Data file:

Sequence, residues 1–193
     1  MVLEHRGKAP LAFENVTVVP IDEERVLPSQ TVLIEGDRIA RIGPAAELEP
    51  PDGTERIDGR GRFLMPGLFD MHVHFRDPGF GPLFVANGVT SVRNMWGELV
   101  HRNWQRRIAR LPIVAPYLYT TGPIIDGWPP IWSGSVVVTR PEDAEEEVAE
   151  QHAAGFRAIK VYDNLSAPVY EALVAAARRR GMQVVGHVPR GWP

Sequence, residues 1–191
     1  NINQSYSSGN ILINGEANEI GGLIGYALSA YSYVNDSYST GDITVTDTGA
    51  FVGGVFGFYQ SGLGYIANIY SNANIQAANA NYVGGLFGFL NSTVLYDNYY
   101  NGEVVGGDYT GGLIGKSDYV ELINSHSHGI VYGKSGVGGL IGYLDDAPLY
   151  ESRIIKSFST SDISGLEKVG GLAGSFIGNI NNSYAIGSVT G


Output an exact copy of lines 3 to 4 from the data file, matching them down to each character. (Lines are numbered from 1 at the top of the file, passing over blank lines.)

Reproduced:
    51  PDGTERIDGR GRFLMPGLFD MHVHFRDPGF GPLFVANGVT SVRNMWGELV
   101  HRNWQRRIAR LPIVAPYLYT TGPIIDGWPP IWSGSVVVTR PEDAEEEVAE